Anonymous said...

The "scalable" part is automated inbetweening that RUINS the animation timing. Everything gets mushy and badly timed like the animation in roger rabbit.

Anonymous said...

It's akin to the ink and paint folks on the old Popeye cartoons that added inbetweens as they saw fit if the drawings looked funky to them.

Ron said...

Doug Trumbull's ShowScan process was used for the Luxor show in Las Vegas. If you've seen it, the complete impact of the experience is quite good.

Popular Science article from 1994 about Luxor and the 3 ride films:

http://books.google.com/books?id=QriV7IuTZygC&lpg=PA83&ots=Ed8p_L7Uck&dq=luxor%20ride%20film&pg=PA81#v=onepage&q=luxor%20ride%20film&f=false

Anonymous said...

Showscan was cool! But most of the tests were practical or live action. Since most (if not all) digital projectors can be run at the equivalent of 60 fps, the effect is similar. Asking animators to adjust to this from a timing point of view would take a LOT of getting used to--effectively slowing production down considerably, as well as driving up cost. And the "auto-inbetweening" does, indeed, make the animation "soupy."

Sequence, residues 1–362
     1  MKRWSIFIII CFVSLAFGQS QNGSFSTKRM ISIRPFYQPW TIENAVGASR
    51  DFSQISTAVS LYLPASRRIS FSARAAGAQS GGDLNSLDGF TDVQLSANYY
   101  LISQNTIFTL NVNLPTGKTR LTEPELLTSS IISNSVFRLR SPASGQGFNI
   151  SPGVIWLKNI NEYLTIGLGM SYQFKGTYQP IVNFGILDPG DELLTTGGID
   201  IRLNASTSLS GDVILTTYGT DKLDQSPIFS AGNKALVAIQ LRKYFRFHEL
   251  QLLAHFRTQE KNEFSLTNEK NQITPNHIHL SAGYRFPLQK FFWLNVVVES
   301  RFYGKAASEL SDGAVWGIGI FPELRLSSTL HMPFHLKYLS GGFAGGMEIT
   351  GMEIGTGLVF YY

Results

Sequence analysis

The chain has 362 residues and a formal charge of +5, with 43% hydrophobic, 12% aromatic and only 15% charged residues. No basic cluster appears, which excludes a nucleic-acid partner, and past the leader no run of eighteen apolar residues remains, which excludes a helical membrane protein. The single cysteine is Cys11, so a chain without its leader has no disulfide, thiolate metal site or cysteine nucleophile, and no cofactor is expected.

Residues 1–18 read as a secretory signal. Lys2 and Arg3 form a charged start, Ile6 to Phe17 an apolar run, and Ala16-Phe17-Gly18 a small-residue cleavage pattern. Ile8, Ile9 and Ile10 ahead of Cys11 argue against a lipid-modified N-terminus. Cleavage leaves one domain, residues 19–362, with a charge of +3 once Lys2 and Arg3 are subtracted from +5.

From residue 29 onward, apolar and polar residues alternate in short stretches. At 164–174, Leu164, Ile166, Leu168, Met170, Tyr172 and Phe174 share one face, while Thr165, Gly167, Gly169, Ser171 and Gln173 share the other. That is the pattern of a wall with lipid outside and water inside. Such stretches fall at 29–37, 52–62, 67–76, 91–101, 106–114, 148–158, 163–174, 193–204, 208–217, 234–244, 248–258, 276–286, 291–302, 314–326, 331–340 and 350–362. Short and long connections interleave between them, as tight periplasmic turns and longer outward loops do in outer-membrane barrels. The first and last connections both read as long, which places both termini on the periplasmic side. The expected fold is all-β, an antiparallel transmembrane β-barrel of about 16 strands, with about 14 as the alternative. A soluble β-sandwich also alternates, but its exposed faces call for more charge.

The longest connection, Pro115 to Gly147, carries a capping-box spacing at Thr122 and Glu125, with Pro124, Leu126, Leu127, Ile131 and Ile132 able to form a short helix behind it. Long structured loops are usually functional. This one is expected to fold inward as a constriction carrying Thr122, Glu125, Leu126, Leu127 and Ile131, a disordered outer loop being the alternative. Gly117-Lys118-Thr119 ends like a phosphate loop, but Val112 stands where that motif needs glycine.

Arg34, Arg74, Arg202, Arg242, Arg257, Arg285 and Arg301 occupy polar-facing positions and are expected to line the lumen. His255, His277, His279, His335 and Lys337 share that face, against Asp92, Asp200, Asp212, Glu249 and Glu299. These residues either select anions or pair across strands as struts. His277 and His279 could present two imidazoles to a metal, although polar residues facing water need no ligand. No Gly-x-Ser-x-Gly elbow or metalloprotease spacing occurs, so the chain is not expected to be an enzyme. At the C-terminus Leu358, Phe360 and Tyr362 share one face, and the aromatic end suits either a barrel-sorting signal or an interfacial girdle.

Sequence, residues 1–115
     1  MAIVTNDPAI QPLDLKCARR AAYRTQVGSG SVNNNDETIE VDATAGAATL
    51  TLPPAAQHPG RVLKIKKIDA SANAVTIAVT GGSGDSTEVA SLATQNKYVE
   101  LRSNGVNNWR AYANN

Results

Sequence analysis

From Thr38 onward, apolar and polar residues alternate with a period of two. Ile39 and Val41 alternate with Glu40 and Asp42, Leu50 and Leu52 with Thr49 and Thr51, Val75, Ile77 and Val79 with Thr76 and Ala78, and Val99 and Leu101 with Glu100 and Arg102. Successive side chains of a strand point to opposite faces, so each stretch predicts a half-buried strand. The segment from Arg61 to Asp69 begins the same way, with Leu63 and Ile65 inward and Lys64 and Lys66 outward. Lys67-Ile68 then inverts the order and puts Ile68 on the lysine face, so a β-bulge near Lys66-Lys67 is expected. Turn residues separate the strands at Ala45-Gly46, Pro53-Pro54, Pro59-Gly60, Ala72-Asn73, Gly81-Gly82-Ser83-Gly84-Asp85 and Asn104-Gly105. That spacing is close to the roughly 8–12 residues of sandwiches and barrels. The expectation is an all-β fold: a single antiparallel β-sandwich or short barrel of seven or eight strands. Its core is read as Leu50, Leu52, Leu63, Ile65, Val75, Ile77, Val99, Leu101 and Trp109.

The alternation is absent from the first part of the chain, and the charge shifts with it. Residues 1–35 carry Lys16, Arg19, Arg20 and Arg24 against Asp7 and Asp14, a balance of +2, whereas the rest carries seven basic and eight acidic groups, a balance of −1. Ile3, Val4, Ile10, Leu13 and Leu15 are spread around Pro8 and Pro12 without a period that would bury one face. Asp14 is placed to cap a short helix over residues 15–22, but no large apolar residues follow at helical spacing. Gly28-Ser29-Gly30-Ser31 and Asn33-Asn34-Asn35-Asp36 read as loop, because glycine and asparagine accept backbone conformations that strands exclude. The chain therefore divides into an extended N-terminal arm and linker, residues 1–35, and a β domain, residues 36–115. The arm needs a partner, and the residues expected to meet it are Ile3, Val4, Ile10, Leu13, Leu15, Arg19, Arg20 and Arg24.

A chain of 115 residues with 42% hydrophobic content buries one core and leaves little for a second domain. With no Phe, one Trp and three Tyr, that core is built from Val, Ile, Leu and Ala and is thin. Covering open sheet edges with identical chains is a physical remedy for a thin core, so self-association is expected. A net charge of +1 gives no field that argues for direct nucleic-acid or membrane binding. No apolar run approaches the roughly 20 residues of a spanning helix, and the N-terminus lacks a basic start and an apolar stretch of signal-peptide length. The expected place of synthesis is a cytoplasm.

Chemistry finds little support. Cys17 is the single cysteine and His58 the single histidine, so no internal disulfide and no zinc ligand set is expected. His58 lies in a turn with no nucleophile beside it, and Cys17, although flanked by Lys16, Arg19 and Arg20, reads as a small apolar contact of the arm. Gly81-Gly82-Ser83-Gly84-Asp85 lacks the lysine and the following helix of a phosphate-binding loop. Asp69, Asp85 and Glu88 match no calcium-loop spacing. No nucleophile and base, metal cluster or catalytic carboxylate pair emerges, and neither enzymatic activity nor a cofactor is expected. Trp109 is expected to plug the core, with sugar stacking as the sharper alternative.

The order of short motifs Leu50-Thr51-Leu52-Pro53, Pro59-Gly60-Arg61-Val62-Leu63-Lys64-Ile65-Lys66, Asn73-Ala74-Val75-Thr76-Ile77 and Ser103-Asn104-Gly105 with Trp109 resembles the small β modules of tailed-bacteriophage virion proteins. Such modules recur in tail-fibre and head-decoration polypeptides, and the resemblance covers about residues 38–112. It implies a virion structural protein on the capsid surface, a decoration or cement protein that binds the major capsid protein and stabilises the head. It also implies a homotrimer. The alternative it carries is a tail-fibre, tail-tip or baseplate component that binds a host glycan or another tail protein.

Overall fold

I'd prefer learning to adjust production to the timing differences than the continuing the image degradation via current stereoscopic methods.

http://www.youtube.com/watch?v=NkWLZy7gbLg

http://www.youtube.com/watch?v=co_Duv2XCPU&feature=related

Steven Kaplan said...

I just watched an interview with Doug Trumbull on FXGuide TV. He talks about his career, ShowScan and shooting at higher fps .. among other things.

I've never dealt with footage over 30fps and a standard ISO. I've been reading tweets from people shooting with RED that are shooting 1600+ ISO (the strauss brother's Skyline for example). Mr. Trumbull makes a compelling argument for higher frame rates in his interview.

Check out the interview at this link: http://www.fxguide.com/fxguidetv/fxguidetv-104-douglas-trumbull/

Anonymous said...

douglastrumbull.com

his is still going at age 70 and doing some amazing work. Just heard him talk recently and was blown away by his vision and skill. He stepped out of Hollywood after his Brainstorm movie and never looked back.

Anonymous said...

If the film rate jumped up to 50fps, that would kill theatrical hand-drawn animation for good (on 2's & 1's, anyway).